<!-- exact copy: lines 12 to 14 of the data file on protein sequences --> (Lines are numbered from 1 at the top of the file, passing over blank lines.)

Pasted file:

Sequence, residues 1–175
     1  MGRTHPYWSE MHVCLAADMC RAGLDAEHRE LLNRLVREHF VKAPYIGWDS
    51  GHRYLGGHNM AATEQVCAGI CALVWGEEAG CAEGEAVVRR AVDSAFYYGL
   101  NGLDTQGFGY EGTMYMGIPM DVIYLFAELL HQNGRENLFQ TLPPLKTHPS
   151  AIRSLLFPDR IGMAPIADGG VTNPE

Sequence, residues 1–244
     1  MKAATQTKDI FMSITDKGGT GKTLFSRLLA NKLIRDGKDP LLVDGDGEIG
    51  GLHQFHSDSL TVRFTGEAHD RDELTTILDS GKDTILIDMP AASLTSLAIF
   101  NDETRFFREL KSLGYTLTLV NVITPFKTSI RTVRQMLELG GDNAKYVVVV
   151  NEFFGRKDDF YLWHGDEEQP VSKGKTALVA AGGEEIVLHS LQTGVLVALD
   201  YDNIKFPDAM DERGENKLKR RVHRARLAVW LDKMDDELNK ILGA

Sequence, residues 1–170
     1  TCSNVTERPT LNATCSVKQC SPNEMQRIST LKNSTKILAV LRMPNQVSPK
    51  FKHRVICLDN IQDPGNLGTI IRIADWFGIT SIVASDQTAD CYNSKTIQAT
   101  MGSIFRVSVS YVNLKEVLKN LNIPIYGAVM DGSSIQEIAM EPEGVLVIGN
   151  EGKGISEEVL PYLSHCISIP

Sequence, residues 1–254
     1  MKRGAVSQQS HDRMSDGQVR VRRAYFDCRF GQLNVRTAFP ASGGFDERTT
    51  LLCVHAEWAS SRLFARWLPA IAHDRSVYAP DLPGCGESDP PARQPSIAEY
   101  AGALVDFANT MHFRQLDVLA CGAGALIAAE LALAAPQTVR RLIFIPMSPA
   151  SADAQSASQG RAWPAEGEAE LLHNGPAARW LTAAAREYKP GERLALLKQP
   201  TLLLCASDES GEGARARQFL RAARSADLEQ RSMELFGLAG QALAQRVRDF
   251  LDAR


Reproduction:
Sequence, residues 1–170
     1  TCSNVTERPT LNATCSVKQC SPNEMQRIST LKNSTKILAV LRMPNQVSPK
    51  FKHRVICLDN IQDPGNLGTI IRIADWFGIT SIVASDQTAD CYNSKTIQAT